Some assert that his title and dress are far too confusing, but this is nonsense

If you’re anything like me, then you’ll be sick and tired of a certain kind of Catholic pedant. You know the sort. Obsessed with the precise rubrics of clerical dress. Convulsed with horror at perceived misuses of traditional titles and honorifics: “Mgr So-and-so is wearing the wrong colour socks! … Doesn’t His Eminence know that it’s beneath the dignity of his office to introduce himself in that way? … And are those phylacteries of regulation breadth?”

This attitude can take many forms, and not always from quarters that you might expect. There’s a particularly virulent strain of it about at the moment. It unites voices – a great many of them otherwise very sensible – from all points on the theological spectrum. Blogs, tweets, articles in august periodicals (including, I dare say, this one), even – most recently – gatherings of fine canon lawyers … all deeply, deeply, oh-so-very-deeply worried about the way a certain priest is both dressed and addressed.

Let me explain.

In Rome there lives a certain holy and humble cleric. At the ripe old age of 90 he spends his days in prayer, receiving visitors, puttering around the garden and (probably) binge-watching episodes of his favourite TV drama Inspector Rex (so far as I can work out, an Austrian version of Due South, with the Mountie replaced by a crime-solving Alsatian). Judging by the occasional selfie taken with him, he seems to favour wearing comfortable leisurewear: shell suits, padded jackets and baseball caps. All perfectly normal, and well suited for a man in deservedly gentle retirement.

But – and here’s where the Great Church Scandal of Our Age really kicks in – these clothes are white; white enough, in fact, to have featured in a 1980s Daz advert. And if that wasn’t bad enough, he is typically referred to as the Pope Emeritus.

This horrifying combination, I am reliably informed, can reap naught but scandal and confusion. It was a terrible, terrible error, made in haste. Worse, it is regrettably too late to rectify now, this time around. But the Church must – simply absolutely must – change canon law to prevent such a tragedy ever happening again, per secula seculorum, Amen.

This is nonsense, and for several reasons.

First, while the phenomenon of retired popes isn’t something we’re exactly used to, it’s hardly without partial (and instructive) precedents. The 1983 Code of Canon Law specifies that “A bishop whose resignation from office has been accepted retains the title of emeritus of his diocese”. The title of “Bishop Emeritus of X” is a relatively new one – as, indeed, is the norm of bishops retiring at all. (Before Vatican II, bishops tended to remain in post until death. If they were moved for some reason, they would normally be assigned a titular see to be bishop of.)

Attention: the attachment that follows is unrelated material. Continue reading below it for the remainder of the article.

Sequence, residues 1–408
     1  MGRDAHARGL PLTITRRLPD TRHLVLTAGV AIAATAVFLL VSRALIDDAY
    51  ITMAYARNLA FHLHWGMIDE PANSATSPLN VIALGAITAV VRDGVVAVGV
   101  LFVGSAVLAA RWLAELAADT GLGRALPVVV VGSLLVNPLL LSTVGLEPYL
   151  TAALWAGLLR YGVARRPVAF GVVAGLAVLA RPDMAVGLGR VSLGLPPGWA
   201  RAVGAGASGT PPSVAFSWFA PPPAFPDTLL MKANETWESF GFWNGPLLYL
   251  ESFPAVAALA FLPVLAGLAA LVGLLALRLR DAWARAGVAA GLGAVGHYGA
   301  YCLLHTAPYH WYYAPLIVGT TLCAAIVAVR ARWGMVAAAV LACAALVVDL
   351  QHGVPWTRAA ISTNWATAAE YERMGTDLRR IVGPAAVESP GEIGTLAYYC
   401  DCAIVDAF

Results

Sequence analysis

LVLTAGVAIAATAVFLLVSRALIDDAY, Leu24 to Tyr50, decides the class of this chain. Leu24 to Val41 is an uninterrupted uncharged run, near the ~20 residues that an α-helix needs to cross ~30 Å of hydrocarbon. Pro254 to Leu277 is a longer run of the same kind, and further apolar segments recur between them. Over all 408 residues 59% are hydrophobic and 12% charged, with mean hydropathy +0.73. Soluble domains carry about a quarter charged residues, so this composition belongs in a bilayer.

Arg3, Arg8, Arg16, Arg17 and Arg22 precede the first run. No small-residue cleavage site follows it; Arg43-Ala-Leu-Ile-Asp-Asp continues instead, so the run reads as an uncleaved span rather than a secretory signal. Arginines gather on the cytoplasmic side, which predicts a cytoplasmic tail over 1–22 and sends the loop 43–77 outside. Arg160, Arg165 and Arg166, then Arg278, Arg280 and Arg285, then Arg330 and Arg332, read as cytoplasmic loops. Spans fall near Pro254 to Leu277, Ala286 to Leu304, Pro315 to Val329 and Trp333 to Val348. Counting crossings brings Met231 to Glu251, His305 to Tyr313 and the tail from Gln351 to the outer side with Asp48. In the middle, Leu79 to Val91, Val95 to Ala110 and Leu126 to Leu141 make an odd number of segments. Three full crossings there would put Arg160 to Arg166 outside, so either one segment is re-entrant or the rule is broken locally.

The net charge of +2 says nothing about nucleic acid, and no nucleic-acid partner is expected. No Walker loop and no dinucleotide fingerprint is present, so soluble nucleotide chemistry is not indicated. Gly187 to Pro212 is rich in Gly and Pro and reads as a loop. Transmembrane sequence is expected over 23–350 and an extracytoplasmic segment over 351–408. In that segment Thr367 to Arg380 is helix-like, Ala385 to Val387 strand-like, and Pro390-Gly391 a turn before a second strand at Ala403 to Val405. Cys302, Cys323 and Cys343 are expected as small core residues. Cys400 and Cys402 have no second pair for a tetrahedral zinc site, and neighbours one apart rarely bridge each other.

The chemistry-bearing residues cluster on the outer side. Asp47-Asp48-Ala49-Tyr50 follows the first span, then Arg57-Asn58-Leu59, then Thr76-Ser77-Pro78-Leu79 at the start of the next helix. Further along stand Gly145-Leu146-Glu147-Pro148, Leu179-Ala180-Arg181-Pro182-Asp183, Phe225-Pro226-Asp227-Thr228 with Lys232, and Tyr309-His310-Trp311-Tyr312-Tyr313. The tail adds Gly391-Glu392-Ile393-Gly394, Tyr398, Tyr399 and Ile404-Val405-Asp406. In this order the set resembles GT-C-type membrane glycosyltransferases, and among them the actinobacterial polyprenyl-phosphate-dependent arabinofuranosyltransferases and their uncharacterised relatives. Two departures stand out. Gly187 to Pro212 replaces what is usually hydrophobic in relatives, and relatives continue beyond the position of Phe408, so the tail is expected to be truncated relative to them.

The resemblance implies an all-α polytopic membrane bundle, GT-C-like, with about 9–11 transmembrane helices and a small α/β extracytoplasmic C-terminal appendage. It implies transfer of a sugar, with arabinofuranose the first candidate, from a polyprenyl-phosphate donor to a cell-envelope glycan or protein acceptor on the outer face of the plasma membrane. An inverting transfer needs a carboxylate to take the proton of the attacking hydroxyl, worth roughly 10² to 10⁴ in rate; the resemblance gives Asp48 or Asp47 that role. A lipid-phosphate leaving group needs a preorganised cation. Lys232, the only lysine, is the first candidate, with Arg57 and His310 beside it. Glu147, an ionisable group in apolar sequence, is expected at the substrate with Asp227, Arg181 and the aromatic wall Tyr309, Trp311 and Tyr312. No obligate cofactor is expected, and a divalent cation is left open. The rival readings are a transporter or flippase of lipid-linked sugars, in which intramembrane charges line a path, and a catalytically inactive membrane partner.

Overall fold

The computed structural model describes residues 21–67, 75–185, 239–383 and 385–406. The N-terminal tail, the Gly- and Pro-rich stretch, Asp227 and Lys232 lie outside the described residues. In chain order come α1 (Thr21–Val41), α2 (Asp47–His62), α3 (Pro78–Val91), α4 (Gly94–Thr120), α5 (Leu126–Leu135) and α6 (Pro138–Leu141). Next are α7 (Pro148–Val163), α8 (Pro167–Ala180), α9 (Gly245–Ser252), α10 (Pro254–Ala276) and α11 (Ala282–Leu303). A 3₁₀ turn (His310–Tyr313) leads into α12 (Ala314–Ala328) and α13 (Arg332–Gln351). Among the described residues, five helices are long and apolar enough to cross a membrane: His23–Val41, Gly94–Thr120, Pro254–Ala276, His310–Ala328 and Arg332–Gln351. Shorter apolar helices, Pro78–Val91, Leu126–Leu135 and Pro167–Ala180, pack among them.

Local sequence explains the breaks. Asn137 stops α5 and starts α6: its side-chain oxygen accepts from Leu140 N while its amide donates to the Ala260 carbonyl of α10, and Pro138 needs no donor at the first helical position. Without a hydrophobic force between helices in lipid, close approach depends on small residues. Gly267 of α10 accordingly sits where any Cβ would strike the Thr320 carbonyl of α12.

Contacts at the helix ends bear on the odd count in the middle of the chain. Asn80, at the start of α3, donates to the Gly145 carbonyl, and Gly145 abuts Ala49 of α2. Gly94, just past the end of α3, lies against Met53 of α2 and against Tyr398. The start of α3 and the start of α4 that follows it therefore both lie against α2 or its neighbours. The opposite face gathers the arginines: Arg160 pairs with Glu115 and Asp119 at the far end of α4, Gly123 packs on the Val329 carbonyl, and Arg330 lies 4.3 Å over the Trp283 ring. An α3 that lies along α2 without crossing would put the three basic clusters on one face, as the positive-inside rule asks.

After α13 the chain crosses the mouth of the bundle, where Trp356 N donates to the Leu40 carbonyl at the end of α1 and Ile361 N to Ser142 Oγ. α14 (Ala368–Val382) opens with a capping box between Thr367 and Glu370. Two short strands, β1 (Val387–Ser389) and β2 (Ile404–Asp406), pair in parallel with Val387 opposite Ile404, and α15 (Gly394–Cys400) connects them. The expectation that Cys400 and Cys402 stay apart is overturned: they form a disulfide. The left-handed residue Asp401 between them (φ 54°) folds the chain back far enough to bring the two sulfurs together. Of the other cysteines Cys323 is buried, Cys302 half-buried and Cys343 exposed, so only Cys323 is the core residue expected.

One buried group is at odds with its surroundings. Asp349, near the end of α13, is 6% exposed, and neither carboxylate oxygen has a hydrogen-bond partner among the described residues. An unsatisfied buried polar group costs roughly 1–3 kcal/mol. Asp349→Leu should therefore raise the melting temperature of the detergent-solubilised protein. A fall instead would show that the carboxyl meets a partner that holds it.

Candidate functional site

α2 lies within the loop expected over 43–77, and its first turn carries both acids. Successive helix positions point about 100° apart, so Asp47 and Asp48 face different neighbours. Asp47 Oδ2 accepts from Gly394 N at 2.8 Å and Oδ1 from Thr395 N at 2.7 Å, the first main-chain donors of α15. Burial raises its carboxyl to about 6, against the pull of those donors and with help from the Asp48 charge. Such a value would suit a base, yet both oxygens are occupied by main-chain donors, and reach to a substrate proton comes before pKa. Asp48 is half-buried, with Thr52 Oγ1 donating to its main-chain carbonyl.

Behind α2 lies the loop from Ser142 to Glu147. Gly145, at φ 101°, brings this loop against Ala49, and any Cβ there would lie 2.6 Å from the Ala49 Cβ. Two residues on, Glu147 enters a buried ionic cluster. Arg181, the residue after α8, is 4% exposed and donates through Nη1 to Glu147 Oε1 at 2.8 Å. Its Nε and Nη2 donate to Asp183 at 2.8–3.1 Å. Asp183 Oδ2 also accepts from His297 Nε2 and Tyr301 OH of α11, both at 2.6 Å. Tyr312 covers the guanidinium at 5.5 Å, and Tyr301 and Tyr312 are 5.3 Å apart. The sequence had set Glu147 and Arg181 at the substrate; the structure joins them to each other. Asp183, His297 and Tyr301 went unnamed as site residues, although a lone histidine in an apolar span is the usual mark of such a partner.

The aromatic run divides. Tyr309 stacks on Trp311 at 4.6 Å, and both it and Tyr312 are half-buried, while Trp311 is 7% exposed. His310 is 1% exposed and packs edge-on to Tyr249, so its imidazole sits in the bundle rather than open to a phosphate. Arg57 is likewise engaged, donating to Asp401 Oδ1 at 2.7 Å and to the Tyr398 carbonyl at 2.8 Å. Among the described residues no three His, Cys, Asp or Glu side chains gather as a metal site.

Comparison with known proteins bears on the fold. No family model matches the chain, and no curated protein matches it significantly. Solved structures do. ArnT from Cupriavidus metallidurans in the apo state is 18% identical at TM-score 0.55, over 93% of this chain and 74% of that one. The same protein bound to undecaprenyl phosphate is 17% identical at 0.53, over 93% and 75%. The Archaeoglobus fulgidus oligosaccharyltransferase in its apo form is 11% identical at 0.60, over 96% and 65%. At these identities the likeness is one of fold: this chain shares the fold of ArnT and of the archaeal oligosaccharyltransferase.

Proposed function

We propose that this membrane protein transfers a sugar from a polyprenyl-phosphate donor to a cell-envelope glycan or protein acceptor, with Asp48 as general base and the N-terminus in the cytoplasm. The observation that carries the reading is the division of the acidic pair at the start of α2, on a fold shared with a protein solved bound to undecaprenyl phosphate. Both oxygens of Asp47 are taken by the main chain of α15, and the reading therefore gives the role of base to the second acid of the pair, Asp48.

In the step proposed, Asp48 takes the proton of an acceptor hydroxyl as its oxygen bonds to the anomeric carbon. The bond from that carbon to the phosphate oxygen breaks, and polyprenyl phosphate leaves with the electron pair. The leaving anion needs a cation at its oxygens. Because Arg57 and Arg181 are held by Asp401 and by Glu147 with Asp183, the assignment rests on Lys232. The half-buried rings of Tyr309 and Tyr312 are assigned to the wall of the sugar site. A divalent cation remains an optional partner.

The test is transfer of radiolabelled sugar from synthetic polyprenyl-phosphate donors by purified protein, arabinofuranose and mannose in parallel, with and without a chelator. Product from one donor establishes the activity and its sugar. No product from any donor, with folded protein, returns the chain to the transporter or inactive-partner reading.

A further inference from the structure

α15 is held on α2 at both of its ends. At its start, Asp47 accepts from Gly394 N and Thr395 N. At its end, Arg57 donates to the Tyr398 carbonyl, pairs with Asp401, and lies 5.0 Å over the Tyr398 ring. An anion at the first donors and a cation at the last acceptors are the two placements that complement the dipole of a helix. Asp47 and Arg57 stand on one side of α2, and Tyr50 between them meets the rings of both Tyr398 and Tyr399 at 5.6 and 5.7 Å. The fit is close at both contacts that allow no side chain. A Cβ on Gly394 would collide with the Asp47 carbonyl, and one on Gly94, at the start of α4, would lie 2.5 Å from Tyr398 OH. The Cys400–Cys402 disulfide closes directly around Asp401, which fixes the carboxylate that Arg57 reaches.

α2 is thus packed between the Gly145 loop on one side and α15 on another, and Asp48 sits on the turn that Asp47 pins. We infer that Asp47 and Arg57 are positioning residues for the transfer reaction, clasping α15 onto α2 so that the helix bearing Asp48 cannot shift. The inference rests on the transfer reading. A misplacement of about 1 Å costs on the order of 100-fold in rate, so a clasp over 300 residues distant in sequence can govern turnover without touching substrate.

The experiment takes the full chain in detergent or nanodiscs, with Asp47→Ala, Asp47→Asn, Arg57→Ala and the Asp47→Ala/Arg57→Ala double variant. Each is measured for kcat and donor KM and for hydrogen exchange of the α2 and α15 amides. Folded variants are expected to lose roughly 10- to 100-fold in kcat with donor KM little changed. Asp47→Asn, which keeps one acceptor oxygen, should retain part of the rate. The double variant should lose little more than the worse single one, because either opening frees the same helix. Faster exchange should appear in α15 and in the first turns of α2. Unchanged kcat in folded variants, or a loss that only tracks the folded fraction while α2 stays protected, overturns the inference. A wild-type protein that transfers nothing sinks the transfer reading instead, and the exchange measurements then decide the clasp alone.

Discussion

I dare say that when this innovation was introduced it was greeted with a great deal of concern: would it not confuse the faithful? Would a bishop emeritus hanging around a diocese undermine the authority of the new incumbent? I think it’s fair to say that neither (imagined, though plausible enough) fear has been realised.

Ah, but that’s precisely the problem, my (admittedly somewhat caricatured) detractor may say. For Benedict is not styled as “Bishop Emeritus of Rome” at all. That wouldn’t be a problem. “Pope Emeritus”, however, is a Tiber-muddying novelty too far.

This brings me to my next point. The pope is the Bishop of Rome, and the Bishop of Rome is the pope. “Pope” is simply the shorthand nickname – and an affectionate one (derived from papa) – that the Bishop of Rome has, more or less universally, come to be called. In the early Church, and indeed in several non-Catholic Churches today, “pope/papa” was used as an honorific for the incumbent of several venerable sees. Indeed, in the 3rd century, letters from even the Roman clergy to St Cyprian, bishop of Carthage, address him as “Pope Cyprian”.

If we normally referred to the successor of Peter as Bishop of Rome, it would likewise be normal to refer to retirees from that role as bishops emeritus. But we don’t. We call him the Pope, hence “Pope Emeritus”. As with bishops emeritus, no one – or rather no one sensible – should find this nomenclature remotely confusing.

Finally, there is ample precedent for the (arch)bishops of sees to which special titles have been historically attached retaining those titles and modes of dress in retirement. The title of “patriarch emeritus” is well established both in the Latin Rite – Jerusalem currently has two patriarchs emeritus – and several Eastern Catholic Churches. And while I could be wrong, I strongly suspect that any special patriarchal apparel, liturgical or otherwise, would likely also to be retained by those now “spending more time with their golf clubs”.

Retired popes might be new, and Benedict may well prove to be a trendsetter in this regard. But calling him Pope Emeritus, and his continuing to wear white, were perfectly sensible decisions, and wholly in accord with current practice.

Stephen Bullivant is professor of theology and the sociology of religion at St Mary’s University, Twickenham, and a consulting editor of the Catholic Herald

This article first appeared in the October 6 2017 issue of the Catholic Herald. To read the magazine in full, from anywhere in the world, go here